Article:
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Don’t be blind to red flags

01 September 2009

Mrs T, a 40-year-old school secretary, had previously been diagnosed with hypothyrodism for which she was taking levothyroxine. Her thyroid function tests had been stable for many years. In addition, she had been prescribed citalopram for depression since the loss of her mother two years ago, and omeprazole for gastro-oesophageal reflux.

She had been suffering from back pain for a number of months, which had become progressively worse over a couple of weeks. There was no history of trauma although she thought her worsening pain may have been related to moving her office furniture around. She subsequently consulted her GP, Dr D, who diagnosed muscular spasm and prescribed painkillers.

Mrs T promptly reattended the surgery when her back pain became significantly worse following a severe coughing fit. Dr D made a revised diagnosis of sciatica and changed the analgesia accordingly. His notes, however, were limited to “looks well; walked into surgery”. Mrs T later alleged that Dr D did not perform a physical examination.

Over the next three days Mrs T deteriorated, with worsening discomfort in her back to the extent that she was unable to go to work and needed her husband to help her shower and dress. In addition to the severe back pain, she began to experience urinary symptoms and altered sensation. In desperation, Mrs T rang the surgery twice, over a three-day period, to say that she was having difficulty passing water

and that her buttocks “felt funny”. She discussed her situation with Dr D, although documentation on these conversations was very limited and did not reflect the development of these red-flag symptoms, the full severity of her symptoms or the appropriate use of safety-netting. Mrs T alleged that Dr D advised her to increase the amount of fluid she was taking without offering to assess her in a face-to-face consultation.

Her symptoms deteriorated even further and five days after the severe pain started Mrs T attended the local out-of-hours GP service. She was thoroughly examined by the emergency GP and was noticed to be in urinary retention, her bladder being palpable to the level of the umbilicus. The out-of-hours GP also found that Mrs T had numbness of the perineum.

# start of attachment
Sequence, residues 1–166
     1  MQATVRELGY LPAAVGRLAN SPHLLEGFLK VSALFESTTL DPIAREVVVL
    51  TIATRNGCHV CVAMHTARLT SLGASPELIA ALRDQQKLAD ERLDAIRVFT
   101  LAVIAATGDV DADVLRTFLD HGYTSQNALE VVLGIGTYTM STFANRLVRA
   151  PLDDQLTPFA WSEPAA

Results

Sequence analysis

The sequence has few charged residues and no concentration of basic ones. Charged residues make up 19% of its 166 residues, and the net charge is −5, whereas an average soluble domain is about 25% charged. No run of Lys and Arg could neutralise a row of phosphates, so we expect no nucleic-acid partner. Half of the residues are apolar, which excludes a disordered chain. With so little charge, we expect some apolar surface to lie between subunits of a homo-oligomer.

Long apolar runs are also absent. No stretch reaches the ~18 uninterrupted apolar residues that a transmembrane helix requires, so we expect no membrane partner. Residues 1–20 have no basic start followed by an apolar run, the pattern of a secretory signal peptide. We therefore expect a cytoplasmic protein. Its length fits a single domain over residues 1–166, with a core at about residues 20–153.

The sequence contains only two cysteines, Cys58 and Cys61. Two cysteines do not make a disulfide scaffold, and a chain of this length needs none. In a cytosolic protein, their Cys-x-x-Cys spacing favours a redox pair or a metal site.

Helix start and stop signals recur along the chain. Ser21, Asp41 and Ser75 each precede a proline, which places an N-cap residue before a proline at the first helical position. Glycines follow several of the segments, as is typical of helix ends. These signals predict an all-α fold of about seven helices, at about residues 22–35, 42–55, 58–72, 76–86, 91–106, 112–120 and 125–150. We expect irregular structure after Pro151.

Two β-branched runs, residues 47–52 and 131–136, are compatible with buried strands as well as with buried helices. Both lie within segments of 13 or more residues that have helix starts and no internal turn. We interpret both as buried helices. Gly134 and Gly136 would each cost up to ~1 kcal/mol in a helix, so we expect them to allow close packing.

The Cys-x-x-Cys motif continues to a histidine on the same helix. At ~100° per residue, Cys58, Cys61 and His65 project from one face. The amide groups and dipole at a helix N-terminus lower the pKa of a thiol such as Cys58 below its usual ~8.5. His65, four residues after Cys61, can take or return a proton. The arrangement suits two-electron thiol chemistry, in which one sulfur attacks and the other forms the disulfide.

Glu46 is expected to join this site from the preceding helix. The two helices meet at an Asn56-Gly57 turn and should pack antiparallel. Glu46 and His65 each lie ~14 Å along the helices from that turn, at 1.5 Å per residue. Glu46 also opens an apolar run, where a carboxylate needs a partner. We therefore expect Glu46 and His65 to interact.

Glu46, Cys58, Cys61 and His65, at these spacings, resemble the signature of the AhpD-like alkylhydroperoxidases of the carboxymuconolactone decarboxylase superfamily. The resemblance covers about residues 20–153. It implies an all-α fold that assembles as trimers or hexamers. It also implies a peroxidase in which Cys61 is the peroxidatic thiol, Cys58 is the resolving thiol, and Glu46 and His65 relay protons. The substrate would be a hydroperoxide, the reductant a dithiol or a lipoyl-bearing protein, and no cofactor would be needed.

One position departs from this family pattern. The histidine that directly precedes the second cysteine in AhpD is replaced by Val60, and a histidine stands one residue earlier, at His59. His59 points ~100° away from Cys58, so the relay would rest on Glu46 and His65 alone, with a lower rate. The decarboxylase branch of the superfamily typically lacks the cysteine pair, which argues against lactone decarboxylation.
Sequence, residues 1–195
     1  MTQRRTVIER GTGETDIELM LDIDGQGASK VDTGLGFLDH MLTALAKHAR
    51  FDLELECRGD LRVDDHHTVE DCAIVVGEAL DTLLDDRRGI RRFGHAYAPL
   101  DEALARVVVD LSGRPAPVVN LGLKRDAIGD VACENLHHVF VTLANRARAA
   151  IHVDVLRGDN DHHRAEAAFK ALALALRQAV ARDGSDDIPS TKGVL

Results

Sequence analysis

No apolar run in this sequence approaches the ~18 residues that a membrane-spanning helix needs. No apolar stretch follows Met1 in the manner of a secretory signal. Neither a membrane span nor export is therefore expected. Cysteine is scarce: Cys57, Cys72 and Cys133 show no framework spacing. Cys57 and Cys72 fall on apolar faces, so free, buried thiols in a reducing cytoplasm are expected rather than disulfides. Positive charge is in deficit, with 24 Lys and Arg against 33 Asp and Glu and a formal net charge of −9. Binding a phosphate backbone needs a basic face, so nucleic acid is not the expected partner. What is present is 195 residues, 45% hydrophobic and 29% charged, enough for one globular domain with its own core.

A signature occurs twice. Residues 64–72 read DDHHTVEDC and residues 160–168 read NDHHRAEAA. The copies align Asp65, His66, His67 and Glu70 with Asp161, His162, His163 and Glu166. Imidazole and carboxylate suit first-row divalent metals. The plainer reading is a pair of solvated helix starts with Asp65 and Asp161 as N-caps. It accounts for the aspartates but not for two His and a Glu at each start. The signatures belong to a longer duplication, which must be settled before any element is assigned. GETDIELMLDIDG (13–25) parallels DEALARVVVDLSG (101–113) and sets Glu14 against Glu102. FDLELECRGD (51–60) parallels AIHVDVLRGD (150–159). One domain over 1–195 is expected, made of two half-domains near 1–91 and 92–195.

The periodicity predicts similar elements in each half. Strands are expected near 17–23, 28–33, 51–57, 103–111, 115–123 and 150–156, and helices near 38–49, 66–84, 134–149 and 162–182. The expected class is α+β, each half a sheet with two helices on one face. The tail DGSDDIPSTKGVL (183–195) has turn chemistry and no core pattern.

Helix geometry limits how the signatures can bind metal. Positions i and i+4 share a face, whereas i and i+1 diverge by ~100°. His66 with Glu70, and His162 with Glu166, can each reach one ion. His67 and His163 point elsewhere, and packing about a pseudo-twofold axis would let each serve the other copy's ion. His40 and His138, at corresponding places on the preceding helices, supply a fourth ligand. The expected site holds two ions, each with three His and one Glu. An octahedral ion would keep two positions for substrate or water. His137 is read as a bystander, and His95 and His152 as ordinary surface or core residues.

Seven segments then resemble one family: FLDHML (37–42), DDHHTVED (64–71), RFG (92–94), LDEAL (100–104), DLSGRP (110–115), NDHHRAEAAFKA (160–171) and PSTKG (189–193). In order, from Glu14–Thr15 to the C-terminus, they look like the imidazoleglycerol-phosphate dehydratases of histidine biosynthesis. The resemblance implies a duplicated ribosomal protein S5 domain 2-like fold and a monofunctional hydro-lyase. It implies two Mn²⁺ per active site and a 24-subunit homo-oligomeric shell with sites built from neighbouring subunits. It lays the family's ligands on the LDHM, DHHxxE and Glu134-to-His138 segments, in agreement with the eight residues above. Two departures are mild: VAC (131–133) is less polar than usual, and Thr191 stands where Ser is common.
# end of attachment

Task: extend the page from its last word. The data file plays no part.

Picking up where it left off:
As a result, a diagnosis of cauda equina syndrome was made and she was referred urgently to the orthopaedic registrar on call. An MRI scan confirmed a prolapsed inter-vertebral disc at L5/S1. Given the acute neurological presentation, she underwent an emergency laminectomy and excision of the prolapsed L5/S1 disc.

Following the surgery, Mrs T continued to experience a lack of feeling in her perineal region. She was deeply distressed that the sensory loss caused major sexual difficulties and this had a profound impact on the relationship with her husband. Her depression deepened and she felt inadequate as a wife and a woman.

In addition to increasing the dose of citalopram, she required intense psychological support. Mrs T was forced to self-catheterise several times a day, which she found humiliating, and suffered a number of urinary tract infections.

Mrs T made a claim against Dr D and experts on the matter agreed that the care received was substandard, that Dr D had failed to examine or take heed of worsening and serious symptoms, and had cauda equina been diagnosed sooner the final outcome would have been much more positive. The claim was settled for a substantial amount.

Learning points

  • Chronic back pain is common – cauda equina is not. Therefore it is very important to take a good history to identify the “red flags” symptoms, eg, numb buttock, urinary symptoms. 
  • Certain symptoms almost always need physical examination to avoid missing clues. 
  • It is important to remember the limitations of telephone consultations. It is not possible to make an accurate diagnosis in all circumstances or to assess accurately signs such as perineal numbness over the phone. It is important to get enough information to exercise reasonable judgment. 
  • Documenting everything, including telephone conversations, is always the key to good practice, and the foundation of your defence.
  • Please see the feature on cauda equina syndrome from the September 2009 edition of Casebook.
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